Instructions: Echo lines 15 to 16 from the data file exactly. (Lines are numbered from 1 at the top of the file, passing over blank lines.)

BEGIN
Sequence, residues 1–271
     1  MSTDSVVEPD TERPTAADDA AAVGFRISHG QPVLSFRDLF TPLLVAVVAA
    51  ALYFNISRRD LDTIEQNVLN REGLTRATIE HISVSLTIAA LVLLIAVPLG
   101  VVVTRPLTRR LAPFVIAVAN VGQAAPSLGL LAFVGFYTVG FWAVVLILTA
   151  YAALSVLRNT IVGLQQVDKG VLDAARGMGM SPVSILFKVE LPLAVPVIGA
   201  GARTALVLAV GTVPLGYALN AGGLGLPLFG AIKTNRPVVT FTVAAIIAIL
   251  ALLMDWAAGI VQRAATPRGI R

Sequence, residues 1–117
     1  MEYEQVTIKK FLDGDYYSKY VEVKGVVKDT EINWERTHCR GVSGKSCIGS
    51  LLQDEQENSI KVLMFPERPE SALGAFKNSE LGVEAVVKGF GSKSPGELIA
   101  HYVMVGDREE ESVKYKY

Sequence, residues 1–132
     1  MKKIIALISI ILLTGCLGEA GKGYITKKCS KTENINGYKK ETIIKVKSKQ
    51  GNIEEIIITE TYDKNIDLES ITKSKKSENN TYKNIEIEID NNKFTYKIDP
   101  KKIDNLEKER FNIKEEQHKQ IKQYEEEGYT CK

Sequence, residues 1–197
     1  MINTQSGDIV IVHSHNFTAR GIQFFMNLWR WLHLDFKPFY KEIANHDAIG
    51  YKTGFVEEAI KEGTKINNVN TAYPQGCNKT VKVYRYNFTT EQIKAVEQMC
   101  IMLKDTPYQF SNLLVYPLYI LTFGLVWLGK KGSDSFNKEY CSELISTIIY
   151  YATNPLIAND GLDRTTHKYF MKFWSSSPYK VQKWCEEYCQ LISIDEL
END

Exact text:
   101  KKIDNLEKER FNIKEEQHKQ IKQYEEEGYT CK

Sequence, residues 1–197